5th grade

Wow, the last grade level in your student’s elementary school career! 5th grade is a time of change for your student, not just academically but socially as well. Middle school is next on their journey and it can be a scary time for both students and caregivers. The best way to handle it is staying consistent and making any homework/extra work as engaging as possible.

By the end of this year, your student should know:

  • The order of operations
  • Analyze patterns and relationships (input, output)
  • Understand place value- be able to identify up to thousandths in a decimal number and compare using greater, less than or equal signs
  • Round up to the thousandth place
  • Perform operations with multi-digit whole numbers and with decimals to hundredths.
  • Add and subtract fractions with unlike denominators (including mixed numbers) by replacing
    given fractions with equivalent fractions
  • Apply and extend previous understandings of multiplication and division to
    multiply and divide fractions.
  • Convert like measurement units within a given measurement system.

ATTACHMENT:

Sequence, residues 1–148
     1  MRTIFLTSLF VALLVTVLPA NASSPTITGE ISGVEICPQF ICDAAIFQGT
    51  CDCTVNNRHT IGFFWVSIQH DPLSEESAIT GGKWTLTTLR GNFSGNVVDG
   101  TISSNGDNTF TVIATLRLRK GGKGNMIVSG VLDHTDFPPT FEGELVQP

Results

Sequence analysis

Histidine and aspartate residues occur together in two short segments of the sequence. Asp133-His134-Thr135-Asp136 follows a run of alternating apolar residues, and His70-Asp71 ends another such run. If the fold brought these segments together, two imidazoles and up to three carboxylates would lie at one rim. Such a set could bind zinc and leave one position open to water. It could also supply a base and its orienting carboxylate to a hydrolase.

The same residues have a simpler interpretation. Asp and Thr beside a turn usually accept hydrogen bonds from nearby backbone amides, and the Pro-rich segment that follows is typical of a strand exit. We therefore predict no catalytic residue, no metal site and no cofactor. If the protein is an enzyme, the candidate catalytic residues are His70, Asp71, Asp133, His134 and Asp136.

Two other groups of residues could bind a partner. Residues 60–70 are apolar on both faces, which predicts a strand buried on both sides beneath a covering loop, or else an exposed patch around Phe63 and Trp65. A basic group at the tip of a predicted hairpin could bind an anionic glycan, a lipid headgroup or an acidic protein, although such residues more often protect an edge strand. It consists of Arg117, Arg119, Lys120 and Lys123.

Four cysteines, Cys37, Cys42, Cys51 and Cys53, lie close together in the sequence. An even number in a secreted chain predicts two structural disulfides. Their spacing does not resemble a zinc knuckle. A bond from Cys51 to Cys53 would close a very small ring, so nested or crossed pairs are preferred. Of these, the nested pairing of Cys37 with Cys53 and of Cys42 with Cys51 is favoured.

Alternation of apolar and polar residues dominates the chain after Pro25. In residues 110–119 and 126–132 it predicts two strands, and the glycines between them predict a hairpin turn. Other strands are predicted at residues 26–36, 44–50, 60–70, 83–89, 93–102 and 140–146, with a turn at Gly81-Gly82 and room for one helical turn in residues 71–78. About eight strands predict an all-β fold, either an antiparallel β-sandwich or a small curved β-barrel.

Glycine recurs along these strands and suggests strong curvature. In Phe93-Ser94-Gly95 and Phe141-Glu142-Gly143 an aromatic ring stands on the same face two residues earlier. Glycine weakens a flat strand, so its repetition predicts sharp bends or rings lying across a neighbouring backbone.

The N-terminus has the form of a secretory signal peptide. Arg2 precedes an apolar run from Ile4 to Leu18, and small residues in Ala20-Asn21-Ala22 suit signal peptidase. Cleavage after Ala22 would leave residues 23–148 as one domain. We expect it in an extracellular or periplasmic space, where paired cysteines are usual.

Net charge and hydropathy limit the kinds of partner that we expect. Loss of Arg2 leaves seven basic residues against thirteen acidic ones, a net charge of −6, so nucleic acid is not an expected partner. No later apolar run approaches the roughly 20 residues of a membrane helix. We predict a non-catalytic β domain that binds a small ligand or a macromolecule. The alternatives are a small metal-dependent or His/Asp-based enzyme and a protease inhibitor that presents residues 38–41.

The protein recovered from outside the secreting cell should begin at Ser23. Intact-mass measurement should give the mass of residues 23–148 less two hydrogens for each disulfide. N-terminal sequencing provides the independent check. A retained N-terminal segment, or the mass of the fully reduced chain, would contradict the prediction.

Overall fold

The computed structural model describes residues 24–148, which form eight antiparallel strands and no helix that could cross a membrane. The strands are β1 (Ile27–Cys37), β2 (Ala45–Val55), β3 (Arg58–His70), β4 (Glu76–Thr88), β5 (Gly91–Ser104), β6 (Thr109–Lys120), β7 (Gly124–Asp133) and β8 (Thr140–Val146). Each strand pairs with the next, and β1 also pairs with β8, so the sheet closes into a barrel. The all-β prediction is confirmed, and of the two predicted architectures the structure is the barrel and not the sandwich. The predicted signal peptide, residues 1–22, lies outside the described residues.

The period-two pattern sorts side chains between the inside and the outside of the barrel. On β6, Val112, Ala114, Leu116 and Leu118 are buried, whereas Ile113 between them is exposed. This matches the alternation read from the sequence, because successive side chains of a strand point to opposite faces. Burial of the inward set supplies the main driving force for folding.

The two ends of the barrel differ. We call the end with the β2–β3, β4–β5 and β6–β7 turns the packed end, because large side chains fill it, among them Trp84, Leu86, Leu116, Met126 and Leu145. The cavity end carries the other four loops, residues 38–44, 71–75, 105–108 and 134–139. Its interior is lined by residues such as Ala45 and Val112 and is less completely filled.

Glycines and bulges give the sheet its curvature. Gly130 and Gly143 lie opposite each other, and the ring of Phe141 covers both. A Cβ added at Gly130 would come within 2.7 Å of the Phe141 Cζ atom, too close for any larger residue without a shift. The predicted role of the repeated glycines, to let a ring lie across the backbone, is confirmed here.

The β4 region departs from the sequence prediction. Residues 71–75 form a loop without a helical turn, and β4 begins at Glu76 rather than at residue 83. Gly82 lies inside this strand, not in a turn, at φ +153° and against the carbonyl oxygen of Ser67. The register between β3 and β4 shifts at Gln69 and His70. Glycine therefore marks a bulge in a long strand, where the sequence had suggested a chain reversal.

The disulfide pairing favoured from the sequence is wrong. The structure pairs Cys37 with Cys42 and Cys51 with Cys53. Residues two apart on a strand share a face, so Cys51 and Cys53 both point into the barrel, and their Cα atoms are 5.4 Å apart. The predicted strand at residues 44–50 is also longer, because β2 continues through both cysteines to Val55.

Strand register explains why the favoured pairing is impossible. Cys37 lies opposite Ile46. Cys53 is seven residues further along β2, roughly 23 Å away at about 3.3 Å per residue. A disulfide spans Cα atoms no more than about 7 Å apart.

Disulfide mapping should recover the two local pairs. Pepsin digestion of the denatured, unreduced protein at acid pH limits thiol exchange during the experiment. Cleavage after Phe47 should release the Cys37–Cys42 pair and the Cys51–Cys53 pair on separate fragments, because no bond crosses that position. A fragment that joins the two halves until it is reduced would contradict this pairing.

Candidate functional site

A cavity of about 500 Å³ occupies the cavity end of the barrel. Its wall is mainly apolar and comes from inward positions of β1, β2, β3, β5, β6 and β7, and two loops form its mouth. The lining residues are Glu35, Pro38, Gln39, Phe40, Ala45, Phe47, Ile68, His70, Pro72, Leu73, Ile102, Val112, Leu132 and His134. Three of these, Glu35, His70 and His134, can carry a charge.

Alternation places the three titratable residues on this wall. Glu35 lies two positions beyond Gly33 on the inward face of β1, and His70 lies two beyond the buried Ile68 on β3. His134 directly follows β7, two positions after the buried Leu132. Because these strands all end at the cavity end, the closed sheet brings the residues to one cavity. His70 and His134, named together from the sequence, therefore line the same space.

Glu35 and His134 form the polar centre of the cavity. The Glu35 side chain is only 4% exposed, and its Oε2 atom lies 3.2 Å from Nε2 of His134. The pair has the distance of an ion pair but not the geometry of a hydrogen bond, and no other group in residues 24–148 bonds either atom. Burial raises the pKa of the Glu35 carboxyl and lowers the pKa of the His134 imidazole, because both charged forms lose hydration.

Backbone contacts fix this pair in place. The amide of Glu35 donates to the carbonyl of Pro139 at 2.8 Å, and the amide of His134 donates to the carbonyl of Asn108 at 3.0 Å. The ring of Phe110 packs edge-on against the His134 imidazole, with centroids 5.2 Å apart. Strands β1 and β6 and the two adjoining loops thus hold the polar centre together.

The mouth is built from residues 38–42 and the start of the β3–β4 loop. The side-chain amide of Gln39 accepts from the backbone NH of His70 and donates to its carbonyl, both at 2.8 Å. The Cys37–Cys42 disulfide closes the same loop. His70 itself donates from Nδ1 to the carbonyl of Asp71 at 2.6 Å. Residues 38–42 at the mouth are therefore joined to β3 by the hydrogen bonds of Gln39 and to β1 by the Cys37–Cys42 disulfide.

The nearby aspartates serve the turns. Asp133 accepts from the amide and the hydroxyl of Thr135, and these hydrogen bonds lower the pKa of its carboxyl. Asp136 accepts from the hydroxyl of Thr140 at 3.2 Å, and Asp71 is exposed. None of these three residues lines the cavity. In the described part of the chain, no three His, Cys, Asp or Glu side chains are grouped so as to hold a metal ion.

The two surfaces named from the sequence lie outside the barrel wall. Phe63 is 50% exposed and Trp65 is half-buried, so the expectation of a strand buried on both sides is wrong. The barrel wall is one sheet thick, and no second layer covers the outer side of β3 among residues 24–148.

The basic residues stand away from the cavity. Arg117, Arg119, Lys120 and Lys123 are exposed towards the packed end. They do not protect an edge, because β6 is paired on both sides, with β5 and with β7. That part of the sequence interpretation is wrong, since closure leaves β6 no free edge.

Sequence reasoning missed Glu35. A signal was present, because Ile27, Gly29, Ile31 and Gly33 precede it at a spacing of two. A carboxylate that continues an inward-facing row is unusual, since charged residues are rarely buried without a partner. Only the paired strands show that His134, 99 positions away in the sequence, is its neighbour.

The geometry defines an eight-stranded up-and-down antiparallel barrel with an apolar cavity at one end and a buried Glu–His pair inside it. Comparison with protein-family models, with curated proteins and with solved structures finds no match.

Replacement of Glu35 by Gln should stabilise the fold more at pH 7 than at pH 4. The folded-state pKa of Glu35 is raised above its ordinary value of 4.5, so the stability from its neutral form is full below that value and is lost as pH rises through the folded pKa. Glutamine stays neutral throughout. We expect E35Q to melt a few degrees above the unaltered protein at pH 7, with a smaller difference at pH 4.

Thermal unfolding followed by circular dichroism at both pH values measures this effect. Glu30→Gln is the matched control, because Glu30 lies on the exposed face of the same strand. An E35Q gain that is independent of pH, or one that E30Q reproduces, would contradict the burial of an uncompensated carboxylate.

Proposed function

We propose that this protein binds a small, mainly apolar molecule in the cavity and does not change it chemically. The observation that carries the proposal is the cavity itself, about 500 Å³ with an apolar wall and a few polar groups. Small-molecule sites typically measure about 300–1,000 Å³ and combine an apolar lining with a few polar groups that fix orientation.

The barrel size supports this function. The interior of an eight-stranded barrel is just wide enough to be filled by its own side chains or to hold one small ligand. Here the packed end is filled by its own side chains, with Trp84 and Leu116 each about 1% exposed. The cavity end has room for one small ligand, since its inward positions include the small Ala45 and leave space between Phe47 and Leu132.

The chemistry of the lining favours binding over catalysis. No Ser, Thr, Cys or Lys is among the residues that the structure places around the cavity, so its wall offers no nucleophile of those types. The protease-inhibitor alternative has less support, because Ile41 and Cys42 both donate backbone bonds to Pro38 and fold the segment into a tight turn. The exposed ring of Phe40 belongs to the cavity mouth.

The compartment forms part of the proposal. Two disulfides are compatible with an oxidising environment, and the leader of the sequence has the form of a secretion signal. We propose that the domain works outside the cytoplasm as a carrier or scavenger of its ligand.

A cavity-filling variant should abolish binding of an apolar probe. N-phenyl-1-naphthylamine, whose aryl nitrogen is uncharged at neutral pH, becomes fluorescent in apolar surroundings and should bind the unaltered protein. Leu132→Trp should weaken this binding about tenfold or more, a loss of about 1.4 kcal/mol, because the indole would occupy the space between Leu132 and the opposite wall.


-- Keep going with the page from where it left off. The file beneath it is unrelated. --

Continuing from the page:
• Make a line plot to display a data set of measurements in fractions of a unit
  • Geometric measurement: understand concepts of volume and relate volume to multiplication and to
  • Graph points on the coordinate plane to solve real-world and mathematical problems.
  • Classify two-dimensional figures into categories based on their properties.

Things to do at home with your student:

  • Practice math facts every night
  • Card games- all you need is a deck of cards and google! You can do a variety games involving fractions, factors, multiples, addition, subtraction and division. Google card games for whatever topic you would like to work with that night!
  •  Ask your student to help you create a pattern for a quilt square or an abstract picture using markers and paper; construction paper in different colors, cut into square, triangle, and other shapes; or shapes cut out of different fabrics.
  • Teach your student to budget their own money — by helping them save up for a special toy or activity.
  • Involve your student in measuring ingredients for recipes.
  • Ask for help with food shopping (“Which is the better deal here?”; “How much does each one cost per pound?”).